Appelation: Knights Valley AVA, Sub-Appelation of Sonoma County AVA, California
Score: 91 pts. – 100 pt. Scale, 16 pts. – 20 pt. Scale
Provenance: Buyer Cellared Original Purchase
Decanted for 30 mins. before serving. Nose is a bit muted. Touch of blackberry. Palate of fresh blackberry, black currant and black cherry. Missing a mid-palate – fairly simple profile. Moderate oak. Medium-plus finish of blackberry and a touch of dark chocolate, but nothing nuanced. Tannin is medium-minus, with medium acidity. Very soft mouthfeel, especially noticeable when drinking without food. Nicely aged lower cost NorCal Cab Sauv. Very enjoyable on its own, but with the bottle age, missing a little structure to stand up to the coffee rubbed prime rib we paired it with. This label is one of my favorite daily drinkers, but I would say – at 8 years in the bottle – a couple years too many. Won’t wow you, but solid value and very enjoyable.
Napa Valley, CA Winery – Sonoma Knights Valley AVA Fruit
If you haven’t tried older Delectus wines, you should. The winemaker before 2016 (Gerhard Reisacher) had some interesting ideas that make his red wines worth investigating. The extended cold soak, cool fermentation and extra time their reds spent on the lees drive a different profile. When you include the high quality fruit coming from well-managed Knights Valley estate vineyards, you have reds that show notable balance for fruit-forward high-alcohol wines.
Delectus was acquired by Vintage Wine Estates in 2016. Vintage hired a new winemaker and lost their access to the Knights Valley vineyards. For the record, I have no idea what they are doing today, but if you can get your hands on inventory from vintages prior to 2016, it is worth giving them a try.
These are not classically styled Old World wines. In good vintage years, the extended cold soak makes the wines quite extracted. The longer cool ferment and the extra time on the lees seems to affect the tannin and add a finer texture. In my opinion, if you were to marry this philosophy to a cool climate region, that would be something special. Instead, you have wines chasing Robert Parker’s next 100 point score. Don’t get me wrong, these are well-made wines and I do enjoy them as what I call “cocktail wines”, or accompanying rich red meat dishes. The usual high-alcohol makes these dry wines taste sweeter. Somehow, Mr. Reisacher managed to make these high-alcohol wines fairly integrated and balanced. Something you don’t see much of in Napa Valley.
My Wine Tasting Note from CellarTracker
Like other tasting notes on CT, this wine also hit me as odd. To get the first question out of the way, it does not taste hot, even though the label lists 16.7% ABV. Shockingly, the alcohol is well integrated. Upon first pour, this is a high-acid fruit bomb. At 9 years of bottle age a surprise… decant and give it an hour before you drink and you will find the real wine underneath.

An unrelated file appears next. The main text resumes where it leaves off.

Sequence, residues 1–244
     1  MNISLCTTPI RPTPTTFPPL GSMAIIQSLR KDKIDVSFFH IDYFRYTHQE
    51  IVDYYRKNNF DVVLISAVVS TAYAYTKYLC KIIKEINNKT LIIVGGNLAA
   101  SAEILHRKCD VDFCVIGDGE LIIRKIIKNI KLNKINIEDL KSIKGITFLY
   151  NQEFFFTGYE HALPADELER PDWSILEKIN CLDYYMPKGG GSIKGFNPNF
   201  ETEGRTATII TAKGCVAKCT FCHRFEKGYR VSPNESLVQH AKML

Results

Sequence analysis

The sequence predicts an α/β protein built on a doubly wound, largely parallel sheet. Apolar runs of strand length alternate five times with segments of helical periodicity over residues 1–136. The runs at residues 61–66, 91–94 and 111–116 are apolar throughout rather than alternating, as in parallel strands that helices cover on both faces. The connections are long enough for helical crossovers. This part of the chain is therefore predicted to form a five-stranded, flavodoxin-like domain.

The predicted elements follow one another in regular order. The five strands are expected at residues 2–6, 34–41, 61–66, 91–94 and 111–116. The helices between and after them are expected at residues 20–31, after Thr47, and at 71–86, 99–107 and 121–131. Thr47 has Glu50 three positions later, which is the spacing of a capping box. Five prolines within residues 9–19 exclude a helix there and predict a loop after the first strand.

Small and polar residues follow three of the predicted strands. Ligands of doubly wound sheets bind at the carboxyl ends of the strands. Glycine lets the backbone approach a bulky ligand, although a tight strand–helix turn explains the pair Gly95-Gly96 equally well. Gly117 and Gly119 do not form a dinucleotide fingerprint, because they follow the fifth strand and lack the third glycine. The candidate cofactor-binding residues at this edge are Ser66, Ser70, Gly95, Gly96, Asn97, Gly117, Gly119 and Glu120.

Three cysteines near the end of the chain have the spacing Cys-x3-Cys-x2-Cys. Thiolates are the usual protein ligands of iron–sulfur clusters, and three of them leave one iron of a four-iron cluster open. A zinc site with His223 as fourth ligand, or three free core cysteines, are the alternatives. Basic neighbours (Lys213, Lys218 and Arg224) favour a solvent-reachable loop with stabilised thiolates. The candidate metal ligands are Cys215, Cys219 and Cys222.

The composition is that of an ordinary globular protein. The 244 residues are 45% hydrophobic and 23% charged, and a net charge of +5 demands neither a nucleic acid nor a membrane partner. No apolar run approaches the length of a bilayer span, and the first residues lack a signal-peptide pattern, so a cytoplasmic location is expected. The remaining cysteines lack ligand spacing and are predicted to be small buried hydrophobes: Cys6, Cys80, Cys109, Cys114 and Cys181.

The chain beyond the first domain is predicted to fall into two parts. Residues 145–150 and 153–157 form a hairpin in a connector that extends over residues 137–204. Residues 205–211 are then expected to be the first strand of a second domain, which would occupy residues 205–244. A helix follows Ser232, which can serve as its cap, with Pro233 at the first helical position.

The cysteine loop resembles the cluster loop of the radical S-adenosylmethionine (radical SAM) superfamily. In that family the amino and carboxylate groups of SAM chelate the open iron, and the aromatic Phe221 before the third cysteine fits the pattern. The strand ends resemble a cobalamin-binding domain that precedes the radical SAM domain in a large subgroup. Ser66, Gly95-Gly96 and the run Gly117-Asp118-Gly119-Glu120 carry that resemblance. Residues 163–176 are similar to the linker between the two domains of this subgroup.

At first, the nose is almost non-existent, but later reveals itself after a couple of hours. Once it develops, the nose is alcohol, plum, blackberry, black currant and menthol. With time open, this wine becomes well-integrated. The palate starts with blended red & black fruit (like boysenberry compote), but after time it settles down and morphs into the blackberry, plum & black currant you expect. The wine is dry, but the high alcohol content makes it seem somewhat sweet. The mouthfeel starts out soft, but thin and then the tannin shows and the texture begins to fill the mouth – high tannins and high acidity abound. The mid-palate shows immediately after the fruit and is all dark chocolate (without bitterness) that follows to a very long finish. This wine rewards patience. I agree with one of the other CT notes. Much like a Conn Valley Cab. As fruity and bold (perhaps more even), but the tannin is fine-grained and softer. I would be concerned about giving this more time in the bottle. The alcohol is so high, without the big fruit/acid/tannin behind it, the alcohol will likely begin to dominate. It seems to be drinking well now, but is definitely for those who enjoy fruitier, high-alcohol wines.
Napa and the 100 Point Race
This is every bit like the more expensive “cult” wines I have tasted. If you are a fan of that style, track down one of these older vintage Delectus wines and give it a try. They stand-up to aging and offer a similar experience for a lot less!
Trained, certified Advanced Sommelier. AZ Art Institute Wine/Chef program focusing on wine pairing and beverage/culinary program development. Wine writer/blogger. Wine collector with extensive wine travel. Previously, consulting to the restaurant trade. Offering cellar management and procurement strategies, wine training & education, beverage business planning and marketing to the trade. Enjoy my blog at - www.coolclimatewine.net, my professional profile at: www.linkedin.com/in/douglasjlevin, my Facebook page at: www.facebook.com/TheDOCG, my Twitter feed at @douglasjlevin, or my tasting notes at https://rb.gy/r4xpom.
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